# Nth Term of a Geometric Sequence

What is the nth term of a geometric sequence? Let A(n) be the value of the nth term of the geometric sequence.

Let n be the term number in the sequence.

Let A(1) = a be the first term of the sequence.

Then, the function rule for the nth term is A(n) = a × r^{n-1}

Notice that when n = 1,

A(1) = a × r^{1-1}

A(1) = a × r^{0}

A(1) = a × 1 = a

## How to write the function rule for the nth term of a geometric sequence

Consider the sequence 2, 10, 50, 250, 1250, ...

A(1) = 2

A(2) = 2 × 5 = 2 × 5^{1}

A(3) = 2 × 5 × 5 = 2 × 5^{2}

A(4) = 2 × 5 × 5 × 5 = 2 × 5^{3}.

.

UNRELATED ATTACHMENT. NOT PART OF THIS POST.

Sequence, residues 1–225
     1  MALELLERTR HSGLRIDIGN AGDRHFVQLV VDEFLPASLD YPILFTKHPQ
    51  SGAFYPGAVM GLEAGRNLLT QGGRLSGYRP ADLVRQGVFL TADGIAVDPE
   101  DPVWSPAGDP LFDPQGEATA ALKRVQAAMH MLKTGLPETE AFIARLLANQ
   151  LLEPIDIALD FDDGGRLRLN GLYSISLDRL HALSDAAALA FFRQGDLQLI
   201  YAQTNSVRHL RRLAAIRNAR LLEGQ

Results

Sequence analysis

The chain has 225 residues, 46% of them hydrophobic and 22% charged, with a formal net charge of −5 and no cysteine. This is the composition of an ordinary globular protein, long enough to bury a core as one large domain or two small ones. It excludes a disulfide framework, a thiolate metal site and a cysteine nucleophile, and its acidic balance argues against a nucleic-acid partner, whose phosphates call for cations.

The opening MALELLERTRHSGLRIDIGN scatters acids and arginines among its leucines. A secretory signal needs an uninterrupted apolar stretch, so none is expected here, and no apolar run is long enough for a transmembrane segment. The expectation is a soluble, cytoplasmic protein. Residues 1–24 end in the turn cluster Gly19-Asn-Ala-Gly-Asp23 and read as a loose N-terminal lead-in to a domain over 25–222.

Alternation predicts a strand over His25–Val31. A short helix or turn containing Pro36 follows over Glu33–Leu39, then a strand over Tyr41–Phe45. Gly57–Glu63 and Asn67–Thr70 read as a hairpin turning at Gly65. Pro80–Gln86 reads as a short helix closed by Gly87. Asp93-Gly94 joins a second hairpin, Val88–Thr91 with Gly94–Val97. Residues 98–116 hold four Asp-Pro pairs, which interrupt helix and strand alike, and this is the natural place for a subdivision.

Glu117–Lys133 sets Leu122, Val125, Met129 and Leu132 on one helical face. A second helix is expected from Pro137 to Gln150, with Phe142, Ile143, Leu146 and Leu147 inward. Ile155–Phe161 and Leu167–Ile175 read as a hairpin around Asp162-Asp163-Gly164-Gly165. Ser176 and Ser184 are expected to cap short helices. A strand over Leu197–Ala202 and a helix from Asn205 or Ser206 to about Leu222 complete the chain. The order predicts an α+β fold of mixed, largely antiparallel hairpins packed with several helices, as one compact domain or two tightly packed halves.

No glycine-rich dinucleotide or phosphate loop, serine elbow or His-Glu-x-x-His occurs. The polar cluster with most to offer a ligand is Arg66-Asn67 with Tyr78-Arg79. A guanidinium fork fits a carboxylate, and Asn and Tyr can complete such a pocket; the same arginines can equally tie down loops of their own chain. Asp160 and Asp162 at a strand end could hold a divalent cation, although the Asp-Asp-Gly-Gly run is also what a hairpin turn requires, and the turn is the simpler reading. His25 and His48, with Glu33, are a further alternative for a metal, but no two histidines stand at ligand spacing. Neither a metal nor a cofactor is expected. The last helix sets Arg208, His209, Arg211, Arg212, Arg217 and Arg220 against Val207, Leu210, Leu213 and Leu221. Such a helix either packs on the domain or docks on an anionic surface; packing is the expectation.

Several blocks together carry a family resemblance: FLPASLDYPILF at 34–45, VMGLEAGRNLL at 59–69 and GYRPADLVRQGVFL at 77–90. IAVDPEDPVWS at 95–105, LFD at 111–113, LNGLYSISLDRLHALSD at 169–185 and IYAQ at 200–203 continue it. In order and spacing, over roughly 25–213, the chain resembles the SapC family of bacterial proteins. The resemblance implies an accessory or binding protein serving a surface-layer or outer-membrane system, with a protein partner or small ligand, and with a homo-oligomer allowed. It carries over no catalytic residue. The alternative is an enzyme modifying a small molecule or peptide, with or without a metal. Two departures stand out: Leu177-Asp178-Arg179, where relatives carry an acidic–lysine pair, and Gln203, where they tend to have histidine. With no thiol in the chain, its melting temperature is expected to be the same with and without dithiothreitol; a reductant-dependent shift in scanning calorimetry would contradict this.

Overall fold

.

A(n) = 2 × 5 × 5 × 5 × 5 ... × 5 = 2 × 5^{n-1}

Notice that each exponent is one less than its term number.

The function rule for 2, 10, 50, 250, 1250, ... is A(n) = 2 × 5^{n-1}

## Using the function rule of a geometric sequence to quickly solve a real life problem

A woman invests some money in the stock market. Her initial investment is 4000 dollars. Suppose the amount at the beginning of the second year is 75% of the initial investment. Then, each amount is 75% of the previous amount. How much money does she have after 4 years?

**Solution**

A(n) = 4000 × 0.75^{n-1}

Notice that when n = 1,

A(1) = 4000 × 0.75^{1-1} = 4000 × 0.75^{0 }= 4000 × 1 = 4000

Therefore, A(2) is money after 1 year, A(3) is money after 2 years, and A(5) is money after 4 years.

A(5) = 4000 × 0.75^{5-1}

A(5) = 4000 × 0.75^{4}

A(5) = 4000 × 0.31640625

A(5) = 1265.625

After 4 years, she has 1265.625 dollars.

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